Seed of the Week: Staghorn Sumac

Our red fuzzy mystery drupes from last week were from the staghorn sumac, Rhus typhina.

Perhaps you recognize the drupe clusters, sometimes called "sumac bobs."

The staghorn sumac grows in old fields and long roadsides throughout eastern North America. It is an interesting plant that hasn't received much attention, although recently some cultivated varieties have been developed for landscape use.

It does have lovely, attention-grabbing color in the fall. The long, pinnately compound leaves turn bright orange-

to bright red.

The genus that sumac belongs to, Rhus, also contains some poisonous members. Rhus toxicodendron is the scienctific name for poison ivy and Rhus vernix is poison sumac. Despite these undesirable relatives, there is some evidence that staghorn sumac may have been eaten by early residents of North America.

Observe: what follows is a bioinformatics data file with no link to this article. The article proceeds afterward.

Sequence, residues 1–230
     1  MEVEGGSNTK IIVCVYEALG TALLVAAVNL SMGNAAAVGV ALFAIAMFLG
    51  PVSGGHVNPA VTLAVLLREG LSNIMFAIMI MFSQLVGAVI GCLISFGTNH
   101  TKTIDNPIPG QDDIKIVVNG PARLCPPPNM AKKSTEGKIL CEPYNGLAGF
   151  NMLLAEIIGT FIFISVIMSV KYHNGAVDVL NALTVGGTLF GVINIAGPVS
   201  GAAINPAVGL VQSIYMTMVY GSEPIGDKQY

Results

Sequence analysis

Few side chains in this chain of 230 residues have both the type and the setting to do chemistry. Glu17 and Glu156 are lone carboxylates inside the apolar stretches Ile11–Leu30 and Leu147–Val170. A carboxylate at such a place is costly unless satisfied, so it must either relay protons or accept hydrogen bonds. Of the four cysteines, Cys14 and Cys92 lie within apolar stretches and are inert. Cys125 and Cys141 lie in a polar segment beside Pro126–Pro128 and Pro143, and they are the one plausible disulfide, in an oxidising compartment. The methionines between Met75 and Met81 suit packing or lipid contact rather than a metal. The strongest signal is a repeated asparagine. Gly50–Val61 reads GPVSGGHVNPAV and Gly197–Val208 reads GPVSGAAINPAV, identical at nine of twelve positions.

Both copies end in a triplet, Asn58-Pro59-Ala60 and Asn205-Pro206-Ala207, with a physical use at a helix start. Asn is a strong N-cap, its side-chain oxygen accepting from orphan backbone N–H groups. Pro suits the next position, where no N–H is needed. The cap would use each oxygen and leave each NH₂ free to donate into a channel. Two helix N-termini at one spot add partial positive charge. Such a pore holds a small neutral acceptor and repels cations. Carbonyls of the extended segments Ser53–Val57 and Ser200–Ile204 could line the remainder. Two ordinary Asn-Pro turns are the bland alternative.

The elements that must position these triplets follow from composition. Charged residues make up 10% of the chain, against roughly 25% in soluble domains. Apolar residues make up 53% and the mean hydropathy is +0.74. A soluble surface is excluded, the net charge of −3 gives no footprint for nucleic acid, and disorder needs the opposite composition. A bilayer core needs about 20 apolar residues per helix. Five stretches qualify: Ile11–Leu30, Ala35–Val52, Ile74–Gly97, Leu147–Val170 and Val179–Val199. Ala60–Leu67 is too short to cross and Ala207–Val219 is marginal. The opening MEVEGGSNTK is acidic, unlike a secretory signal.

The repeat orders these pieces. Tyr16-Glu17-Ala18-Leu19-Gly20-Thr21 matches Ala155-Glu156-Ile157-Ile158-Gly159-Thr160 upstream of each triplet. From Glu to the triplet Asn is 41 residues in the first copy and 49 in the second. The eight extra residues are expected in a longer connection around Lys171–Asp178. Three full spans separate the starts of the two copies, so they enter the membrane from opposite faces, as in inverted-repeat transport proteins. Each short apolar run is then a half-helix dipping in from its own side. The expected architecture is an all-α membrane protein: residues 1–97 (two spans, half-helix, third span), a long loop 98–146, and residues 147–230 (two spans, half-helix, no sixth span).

Why are the fruits called drupes? According to botanists, a drupe is a fruit that has a fleshy outer layer around a pit. The seed is contained within the shell of the pit. Examples of other drupes are peaches, cherries and olives.

Staghorn sumac pits, photograph by Steve Hurst @ USDA-NRCS PLANTS Database

This drawing shows how the seed sits within the endocarp, which is the wall of the "pit"(Source: USDA-NRCS PLANTS Database).

Do staghorn sumac grow where you live? What do you think of them?

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